My first year at The Courant was exactly what I expected from a newspaper job and from a career in journalism. I was assigned to report on Hartford’s neighborhoods, telling stories about people who before a daily section about the city was introduced a year earlier were rarely, if ever, represented in the paper, even though the newspaper carried the city’s name on its masthead. I had a supportive editor who also gave me feedback—something I later learned is a rare commodity in this business.

Now, nearly five years after I graduated from Boston University with that degree in journalism, I’ve had time to reflect on the lessons I learned along the way.

Above all, journalism school infused me with the enthusiasm for this profession that I think it takes to be a good reporter. My professors at both colleges were talented, supportive, creative individuals who were not only good teachers but also, very importantly, talented, working journalists. Because they kept themselves fresh about the profession by working in it as well as training us for it, their guidance was something I believed in. They prepared me well for the mechanics of working at a newspaper. They talked and taught leads, got us to be serious about meeting deadlines, even had us trot out our inverted pyramids.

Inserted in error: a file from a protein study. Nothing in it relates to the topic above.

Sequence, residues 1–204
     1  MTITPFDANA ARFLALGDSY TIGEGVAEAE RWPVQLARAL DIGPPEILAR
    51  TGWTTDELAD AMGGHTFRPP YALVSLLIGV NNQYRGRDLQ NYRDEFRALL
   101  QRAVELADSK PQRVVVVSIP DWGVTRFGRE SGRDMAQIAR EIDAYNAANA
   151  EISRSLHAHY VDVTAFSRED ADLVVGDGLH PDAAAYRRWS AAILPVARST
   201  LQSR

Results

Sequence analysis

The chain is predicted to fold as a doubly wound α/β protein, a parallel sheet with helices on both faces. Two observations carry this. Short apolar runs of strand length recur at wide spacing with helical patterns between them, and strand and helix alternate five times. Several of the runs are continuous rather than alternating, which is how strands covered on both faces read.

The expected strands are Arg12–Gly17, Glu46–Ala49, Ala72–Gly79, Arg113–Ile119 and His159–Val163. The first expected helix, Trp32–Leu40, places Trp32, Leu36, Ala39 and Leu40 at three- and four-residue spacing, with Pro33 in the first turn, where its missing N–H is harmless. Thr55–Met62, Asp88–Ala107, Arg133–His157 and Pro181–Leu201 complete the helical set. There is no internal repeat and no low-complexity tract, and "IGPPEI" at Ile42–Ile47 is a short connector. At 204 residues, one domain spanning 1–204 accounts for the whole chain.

In terms of course work, there were required writing, copyediting and ethics classes that ranged from practical to theoretical. But while the course work was both instructive and, at times, inspiring, it was also flawed in some areas. Even some of the basics weren’t quite there, as I’ve found out on the job. For example, some of the computers I learned on weren’t compatible with any of the systems at the papers I worked for. After talking to many colleagues, I learned it’s a problem that plagues journalism schools across the country and has for many years.